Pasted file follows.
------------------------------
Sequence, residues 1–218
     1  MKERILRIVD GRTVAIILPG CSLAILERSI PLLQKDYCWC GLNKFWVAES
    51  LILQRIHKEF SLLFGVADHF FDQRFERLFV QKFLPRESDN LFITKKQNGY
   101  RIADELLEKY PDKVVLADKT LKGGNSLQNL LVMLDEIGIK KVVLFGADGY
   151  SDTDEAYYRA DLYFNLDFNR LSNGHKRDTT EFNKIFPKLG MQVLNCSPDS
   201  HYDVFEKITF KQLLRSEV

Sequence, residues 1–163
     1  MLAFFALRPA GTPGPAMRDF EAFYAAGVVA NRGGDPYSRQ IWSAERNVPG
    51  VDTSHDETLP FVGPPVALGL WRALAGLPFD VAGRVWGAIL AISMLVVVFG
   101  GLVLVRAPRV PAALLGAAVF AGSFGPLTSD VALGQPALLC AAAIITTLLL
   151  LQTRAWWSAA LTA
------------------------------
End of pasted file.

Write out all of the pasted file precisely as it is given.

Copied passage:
Sequence, residues 1–218
     1  MKERILRIVD GRTVAIILPG CSLAILERSI PLLQKDYCWC GLNKFWVAES
    51  LILQRIHKEF SLLFGVADHF FDQRFERLFV QKFLPRESDN LFITKKQNGY
   101  RIADELLEKY PDKVVLADKT LKGGNSLQNL LVMLDEIGIK KVVLFGADGY
   151  SDTDEAYYRA DLYFNLDFNR LSNGHKRDTT EFNKIFPKLG MQVLNCSPDS
   201  HYDVFEKITF KQLLRSEV

Sequence, residues 1–163
     1  MLAFFALRPA GTPGPAMRDF EAFYAAGVVA NRGGDPYSRQ IWSAERNVPG
    51  VDTSHDETLP FVGPPVALGL WRALAGLPFD VAGRVWGAIL AISMLVVVFG
   101  GLVLVRAPRV PAALLGAAVF AGSFGPLTSD VALGQPALLC AAAIITTLLL
   151  LQTRAWWSAA LTA